The wisdom of a traveller

Aurora invited Diana Rah, Vice-President of the Newcastle Muslim Association, to share something of her story.

I’ll begin with recent events and work back to a little about my life, which has led me to the conclusions I’ve reached and the reasons behind the things I do. Rather than say too much about myself, I prefer to share observations I’ve been fortunate enough to make through personal experiences. I’ll begin with a recent encounter.

Members of the Newcastle Muslim community were privileged to have the opportunity to meet Bishop Bill Wright, Father Brian Mascord and other members of the Catholic diocese. Although there wasn’t a large attendance, word of the event was passed around and Bishop Bill’s very thoughtful words were warmly received. 

This visit was highly valued in times that have proven more than “trying”. Negative media coverage leading to verbal abuse and attacks, especially on women who are more identifiable than men, has obviously created a sense of fear among the Muslim community. This visit from the Bishop was a great comfort to our community and gave me a sense of pride in my involvement in multi-faith programs.

Fear isn’t restricted to the local Muslim community; frightening images of violent crimes against humanity are a constant theme in the media, leaving people of all faiths wondering what is happening, and creating fear and division. Simple things like Bishop Bill’s visit and sharing tea together help to break down that fear. 

I was born in Newcastle and as a child, living near the ocean and watching cargo ships come and go, tales of faraway places and people of different cultures always fascinated me. I had an uncle, an anthropologist and linguist, who travelled extensively. Drawing on his colourful stories, of which I never tired, I could envision other ways of experiencing life. Growing up I reflected a lot on life, both the material world and the inward spiritual world. These thoughts, whether conscious or subconscious, led to my saving up to travel to South Africa at a young age.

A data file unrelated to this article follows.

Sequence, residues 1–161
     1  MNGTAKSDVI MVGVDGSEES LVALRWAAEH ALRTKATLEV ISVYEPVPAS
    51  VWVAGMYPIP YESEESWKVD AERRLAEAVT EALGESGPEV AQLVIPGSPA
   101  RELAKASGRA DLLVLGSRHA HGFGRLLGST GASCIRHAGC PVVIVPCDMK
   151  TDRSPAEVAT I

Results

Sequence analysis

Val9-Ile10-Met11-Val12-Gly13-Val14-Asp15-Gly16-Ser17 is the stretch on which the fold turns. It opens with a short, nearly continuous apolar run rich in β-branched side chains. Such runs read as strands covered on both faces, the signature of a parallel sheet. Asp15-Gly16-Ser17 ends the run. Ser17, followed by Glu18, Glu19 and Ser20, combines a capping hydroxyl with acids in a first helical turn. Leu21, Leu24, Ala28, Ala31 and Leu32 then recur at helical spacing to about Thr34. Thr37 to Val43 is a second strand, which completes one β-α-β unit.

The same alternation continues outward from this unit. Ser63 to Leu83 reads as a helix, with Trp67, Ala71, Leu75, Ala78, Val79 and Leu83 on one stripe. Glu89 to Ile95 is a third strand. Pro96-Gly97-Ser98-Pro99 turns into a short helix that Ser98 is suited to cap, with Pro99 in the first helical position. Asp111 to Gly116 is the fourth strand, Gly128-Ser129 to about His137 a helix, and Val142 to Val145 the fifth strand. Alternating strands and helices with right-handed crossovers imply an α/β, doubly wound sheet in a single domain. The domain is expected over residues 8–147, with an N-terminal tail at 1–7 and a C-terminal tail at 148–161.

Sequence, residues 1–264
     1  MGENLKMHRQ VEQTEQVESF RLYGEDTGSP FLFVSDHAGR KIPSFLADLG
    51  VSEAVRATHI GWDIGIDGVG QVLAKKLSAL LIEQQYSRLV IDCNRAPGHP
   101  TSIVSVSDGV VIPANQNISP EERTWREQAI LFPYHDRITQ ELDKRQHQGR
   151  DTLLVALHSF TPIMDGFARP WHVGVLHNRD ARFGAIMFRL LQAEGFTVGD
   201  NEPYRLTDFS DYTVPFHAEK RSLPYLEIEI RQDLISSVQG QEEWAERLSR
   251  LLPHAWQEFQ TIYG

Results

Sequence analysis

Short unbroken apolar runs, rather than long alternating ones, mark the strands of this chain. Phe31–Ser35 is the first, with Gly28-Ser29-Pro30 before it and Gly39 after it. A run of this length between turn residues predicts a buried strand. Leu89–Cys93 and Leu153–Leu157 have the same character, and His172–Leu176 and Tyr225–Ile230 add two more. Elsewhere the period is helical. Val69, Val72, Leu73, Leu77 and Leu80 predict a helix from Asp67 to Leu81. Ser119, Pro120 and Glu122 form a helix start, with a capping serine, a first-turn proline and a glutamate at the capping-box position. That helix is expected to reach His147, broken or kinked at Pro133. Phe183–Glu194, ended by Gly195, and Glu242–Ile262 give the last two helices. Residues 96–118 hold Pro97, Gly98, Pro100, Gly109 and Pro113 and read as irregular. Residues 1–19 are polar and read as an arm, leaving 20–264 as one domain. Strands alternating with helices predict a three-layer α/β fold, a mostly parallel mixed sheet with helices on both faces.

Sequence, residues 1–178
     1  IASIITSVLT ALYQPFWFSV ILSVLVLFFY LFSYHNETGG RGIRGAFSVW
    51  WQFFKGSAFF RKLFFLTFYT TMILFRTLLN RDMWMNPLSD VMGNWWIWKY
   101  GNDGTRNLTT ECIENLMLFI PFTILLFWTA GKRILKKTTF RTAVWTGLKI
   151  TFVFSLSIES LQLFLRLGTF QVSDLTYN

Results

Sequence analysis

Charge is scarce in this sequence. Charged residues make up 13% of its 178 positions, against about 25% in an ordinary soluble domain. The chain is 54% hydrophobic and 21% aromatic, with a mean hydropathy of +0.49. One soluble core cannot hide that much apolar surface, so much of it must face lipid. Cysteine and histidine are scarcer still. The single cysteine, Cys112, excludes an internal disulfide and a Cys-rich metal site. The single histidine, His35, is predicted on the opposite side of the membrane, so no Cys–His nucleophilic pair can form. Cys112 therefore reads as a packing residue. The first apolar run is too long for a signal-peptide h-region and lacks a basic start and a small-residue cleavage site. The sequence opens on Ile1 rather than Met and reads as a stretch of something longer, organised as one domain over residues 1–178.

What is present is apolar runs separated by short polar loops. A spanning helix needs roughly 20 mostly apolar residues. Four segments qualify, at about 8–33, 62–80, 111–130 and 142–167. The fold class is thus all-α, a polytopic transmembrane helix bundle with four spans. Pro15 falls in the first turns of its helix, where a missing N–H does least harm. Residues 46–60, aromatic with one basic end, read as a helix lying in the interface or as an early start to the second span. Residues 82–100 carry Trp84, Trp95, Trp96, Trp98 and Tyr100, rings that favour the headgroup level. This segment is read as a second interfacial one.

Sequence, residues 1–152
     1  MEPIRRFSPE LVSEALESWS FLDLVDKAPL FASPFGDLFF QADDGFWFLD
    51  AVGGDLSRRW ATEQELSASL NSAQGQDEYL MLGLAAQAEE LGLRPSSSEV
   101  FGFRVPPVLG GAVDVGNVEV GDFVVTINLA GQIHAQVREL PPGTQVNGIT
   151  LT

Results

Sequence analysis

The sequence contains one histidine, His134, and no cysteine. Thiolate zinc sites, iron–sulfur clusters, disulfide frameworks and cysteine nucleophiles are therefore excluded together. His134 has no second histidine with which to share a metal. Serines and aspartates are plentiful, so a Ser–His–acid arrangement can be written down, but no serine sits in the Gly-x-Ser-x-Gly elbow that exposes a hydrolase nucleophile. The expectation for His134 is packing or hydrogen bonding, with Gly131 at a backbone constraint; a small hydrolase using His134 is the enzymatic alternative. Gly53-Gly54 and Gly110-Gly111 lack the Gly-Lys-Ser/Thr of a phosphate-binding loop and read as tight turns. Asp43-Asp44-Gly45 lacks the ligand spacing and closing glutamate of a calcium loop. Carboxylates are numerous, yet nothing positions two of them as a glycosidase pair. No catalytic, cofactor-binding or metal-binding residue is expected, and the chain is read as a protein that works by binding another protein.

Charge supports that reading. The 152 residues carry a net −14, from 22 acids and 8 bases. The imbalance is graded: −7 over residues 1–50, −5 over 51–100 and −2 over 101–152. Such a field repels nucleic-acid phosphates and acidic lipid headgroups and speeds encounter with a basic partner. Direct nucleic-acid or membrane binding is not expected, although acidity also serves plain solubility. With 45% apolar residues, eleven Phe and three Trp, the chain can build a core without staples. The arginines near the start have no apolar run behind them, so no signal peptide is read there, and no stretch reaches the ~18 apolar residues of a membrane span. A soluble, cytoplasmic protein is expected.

South Africa was under apartheid rule, which was quite a shock to my system. Although I had heard and read about it, to actually see and experience it was quite confronting. Such injustice was difficult to comprehend. After a year I slowly travelled up the east coast to Kenya. An image of pristine rainforest comes to mind with the warm hospitality of local communities all along the way.

Travelling the hard way, village to village on local transport, I often had the pleasure of being exposed to the elements of nature: strong wind, gentle breezes, scorching sun, light showers in the heat of the day or the night sky alive with bolts of lightning and thunder. I felt a much greater awareness of the presence of God. Growing up in a family which was not religious, I realised later in life that I was always searching for a spiritual home.

I bought a deck class ticket on a ship called the “State of Haryana” and travelled 12 days from Mombasa to Bombay (now Mumbai). The ticket cost US$50 and it was the ship’s final journey before being scrapped in Chennai. It was the early seventies and there were many travellers on these routes so it was much safer than the same journey today.